There is a more advanced, and a more risky, option to handle double spend attacks, which is to launch a counter-attack. When an attacker mines a double spend on a cryptocurrency, the impacted exchange can potentially buy up a bunch of hashrate to extend the original chain, cementing the original transaction from the attacker.
The attacker can of course counter attack as well, responding to the extension of the original chain with an extension of the attack chain. The difficult thing here is that at every point in time, it makes sense for the exchange to spend more money extending the original chain, and it makes sense for the attacker to spend more money extending the attack chain. Even when the attacker and the exchange have both spent far more money than the theft is worth, it still makes sense for them to keep extending their respective chains in an attempt to get the money back.
Imagine that an attacker steals $50,000 from an exchange by spending $10,000 on proof of work. At this point, the attacker is +$40,000, and the exchange is $-50,000. The best move for the exchange here is to spend $10,000 themselves to restore the original chain as the longest chain, which means the attacker is now $-10,000, and the exchange is also -$10,000. If we let this game play out, we get the following:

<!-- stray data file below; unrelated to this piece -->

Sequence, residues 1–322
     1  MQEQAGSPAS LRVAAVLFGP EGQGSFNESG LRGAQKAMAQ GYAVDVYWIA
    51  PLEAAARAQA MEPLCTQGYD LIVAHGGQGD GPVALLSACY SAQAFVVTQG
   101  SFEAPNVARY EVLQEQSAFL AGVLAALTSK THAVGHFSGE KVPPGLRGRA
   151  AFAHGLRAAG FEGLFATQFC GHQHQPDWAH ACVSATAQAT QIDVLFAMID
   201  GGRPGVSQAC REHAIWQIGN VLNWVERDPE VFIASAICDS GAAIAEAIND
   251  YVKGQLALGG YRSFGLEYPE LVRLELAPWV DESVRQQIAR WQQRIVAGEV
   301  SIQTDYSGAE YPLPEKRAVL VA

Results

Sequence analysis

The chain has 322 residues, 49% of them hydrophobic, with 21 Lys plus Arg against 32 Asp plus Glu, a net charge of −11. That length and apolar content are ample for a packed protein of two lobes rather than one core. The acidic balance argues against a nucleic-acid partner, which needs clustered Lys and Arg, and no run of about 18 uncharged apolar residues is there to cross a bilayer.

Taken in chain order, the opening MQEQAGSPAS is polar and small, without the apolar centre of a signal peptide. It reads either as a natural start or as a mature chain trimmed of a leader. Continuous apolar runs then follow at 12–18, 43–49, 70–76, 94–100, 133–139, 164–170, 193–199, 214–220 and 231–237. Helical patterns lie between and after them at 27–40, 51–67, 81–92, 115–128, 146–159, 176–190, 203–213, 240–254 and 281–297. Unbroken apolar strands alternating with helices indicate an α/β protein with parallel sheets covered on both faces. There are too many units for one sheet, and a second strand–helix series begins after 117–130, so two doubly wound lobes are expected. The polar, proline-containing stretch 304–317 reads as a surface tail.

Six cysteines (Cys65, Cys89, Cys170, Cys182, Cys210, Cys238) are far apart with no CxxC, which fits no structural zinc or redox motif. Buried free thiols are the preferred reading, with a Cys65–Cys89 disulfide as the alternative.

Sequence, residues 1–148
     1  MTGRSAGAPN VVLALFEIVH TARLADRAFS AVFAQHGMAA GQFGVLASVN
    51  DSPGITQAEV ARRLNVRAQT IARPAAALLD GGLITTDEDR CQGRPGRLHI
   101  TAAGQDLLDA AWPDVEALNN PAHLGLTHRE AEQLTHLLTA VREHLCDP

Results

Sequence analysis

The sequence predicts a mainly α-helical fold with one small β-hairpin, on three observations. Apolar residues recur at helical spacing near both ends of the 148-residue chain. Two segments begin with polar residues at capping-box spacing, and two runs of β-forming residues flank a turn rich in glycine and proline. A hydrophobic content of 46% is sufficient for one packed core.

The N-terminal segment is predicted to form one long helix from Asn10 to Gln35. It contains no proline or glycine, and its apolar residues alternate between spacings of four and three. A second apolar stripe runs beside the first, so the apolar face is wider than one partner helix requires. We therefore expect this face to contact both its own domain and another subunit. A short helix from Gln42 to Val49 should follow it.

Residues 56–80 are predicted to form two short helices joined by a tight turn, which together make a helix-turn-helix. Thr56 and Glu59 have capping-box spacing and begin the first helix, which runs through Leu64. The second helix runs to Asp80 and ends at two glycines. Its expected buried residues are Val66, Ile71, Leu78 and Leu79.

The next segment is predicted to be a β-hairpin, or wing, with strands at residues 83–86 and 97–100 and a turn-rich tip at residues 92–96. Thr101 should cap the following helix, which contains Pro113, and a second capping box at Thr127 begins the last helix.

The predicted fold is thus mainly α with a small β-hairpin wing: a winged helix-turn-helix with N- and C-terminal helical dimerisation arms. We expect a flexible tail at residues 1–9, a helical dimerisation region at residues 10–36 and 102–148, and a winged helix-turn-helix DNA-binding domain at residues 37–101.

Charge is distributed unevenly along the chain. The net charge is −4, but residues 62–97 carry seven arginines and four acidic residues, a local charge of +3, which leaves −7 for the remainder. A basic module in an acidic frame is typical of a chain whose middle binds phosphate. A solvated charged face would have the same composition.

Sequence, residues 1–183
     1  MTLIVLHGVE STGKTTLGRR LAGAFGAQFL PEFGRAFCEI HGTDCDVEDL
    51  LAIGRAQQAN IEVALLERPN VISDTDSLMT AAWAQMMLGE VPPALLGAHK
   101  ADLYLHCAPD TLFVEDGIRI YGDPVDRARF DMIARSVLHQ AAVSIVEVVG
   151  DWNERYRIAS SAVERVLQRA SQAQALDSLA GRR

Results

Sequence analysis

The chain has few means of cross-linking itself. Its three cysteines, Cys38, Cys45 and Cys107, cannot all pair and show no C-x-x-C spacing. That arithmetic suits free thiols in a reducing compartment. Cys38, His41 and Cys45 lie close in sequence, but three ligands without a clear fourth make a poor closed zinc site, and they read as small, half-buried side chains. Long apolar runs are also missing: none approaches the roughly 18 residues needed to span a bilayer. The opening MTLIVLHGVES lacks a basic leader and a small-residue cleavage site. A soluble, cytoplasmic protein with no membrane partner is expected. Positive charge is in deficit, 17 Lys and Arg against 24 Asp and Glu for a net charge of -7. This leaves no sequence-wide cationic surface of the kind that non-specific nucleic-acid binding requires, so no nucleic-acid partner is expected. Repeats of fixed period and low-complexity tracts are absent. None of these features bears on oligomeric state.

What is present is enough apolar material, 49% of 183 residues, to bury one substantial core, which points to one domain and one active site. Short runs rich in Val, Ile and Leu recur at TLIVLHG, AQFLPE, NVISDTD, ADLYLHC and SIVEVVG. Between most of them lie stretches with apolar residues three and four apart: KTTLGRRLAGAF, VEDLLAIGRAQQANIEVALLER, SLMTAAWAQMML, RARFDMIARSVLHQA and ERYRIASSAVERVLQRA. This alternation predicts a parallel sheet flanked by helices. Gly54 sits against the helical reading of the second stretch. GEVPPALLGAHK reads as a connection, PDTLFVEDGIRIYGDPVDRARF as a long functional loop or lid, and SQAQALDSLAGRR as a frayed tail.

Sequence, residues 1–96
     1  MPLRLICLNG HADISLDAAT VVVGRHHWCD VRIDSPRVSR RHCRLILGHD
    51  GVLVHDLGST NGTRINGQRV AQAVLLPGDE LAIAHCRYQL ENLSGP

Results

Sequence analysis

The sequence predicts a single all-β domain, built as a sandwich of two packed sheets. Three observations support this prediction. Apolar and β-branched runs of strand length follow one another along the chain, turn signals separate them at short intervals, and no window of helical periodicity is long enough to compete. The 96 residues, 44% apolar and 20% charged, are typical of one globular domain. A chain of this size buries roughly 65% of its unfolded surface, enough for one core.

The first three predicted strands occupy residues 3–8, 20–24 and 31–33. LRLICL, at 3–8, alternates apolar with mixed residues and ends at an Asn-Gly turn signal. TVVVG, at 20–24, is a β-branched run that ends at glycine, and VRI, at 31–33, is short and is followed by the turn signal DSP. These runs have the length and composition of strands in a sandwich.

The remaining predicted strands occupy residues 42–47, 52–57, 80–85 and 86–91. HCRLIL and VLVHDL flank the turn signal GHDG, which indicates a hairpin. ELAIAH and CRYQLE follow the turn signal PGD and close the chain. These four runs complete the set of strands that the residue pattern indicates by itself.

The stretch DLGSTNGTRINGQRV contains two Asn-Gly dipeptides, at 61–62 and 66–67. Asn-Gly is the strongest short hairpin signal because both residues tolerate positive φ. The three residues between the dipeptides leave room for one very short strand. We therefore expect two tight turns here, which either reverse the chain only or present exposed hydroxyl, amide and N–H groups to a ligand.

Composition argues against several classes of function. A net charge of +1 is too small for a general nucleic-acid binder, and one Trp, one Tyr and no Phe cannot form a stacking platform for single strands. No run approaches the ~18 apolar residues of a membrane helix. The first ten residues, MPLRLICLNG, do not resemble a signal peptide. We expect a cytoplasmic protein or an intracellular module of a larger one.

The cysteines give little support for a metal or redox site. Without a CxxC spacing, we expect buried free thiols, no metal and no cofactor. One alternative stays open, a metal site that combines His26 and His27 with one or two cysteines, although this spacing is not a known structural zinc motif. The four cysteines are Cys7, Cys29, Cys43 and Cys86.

Stage: Attacker Exchange
Stage 1a: +$40,000 -$50,000
Stage 1b: -$10,000 -$10,000
Stage 2a: +$30,000 -$60,000
Stage 2b: -$20,000 -$20,000
Stage 3a: +$20,000 -$70,000
Stage 3b: -$30,000 -$30,000
Stage 4a: +$10,000 -$80,000
Stage 4b: -$40,000 -$40,000
Stage 5a: +$0 -$90,000
Stage 5b: -$50,000 -$50,000
Stage 6a: -$10,000 -$100,000
Stage 6b: -$60,000 -$60,000
By the time that the attacker no longer stands to profit from the attack as a whole, the exchange has lost the same amount of money defending themselves that they would have lost if they had just let the attacker go in the first place. At no point in time is the exchange ever up, the exchange only stands to lose greater and greater amounts of money in the best case.
And, this game doesn’t really have an ending state. At all points in time, it makes sense for each party to keep trying to get the original $50,000 back, because at each step you are spending a new $10,000 to recover $50,000. That is why this strategy is called ‘scorched earth’ — nobody wins, and lots of money gets destroyed.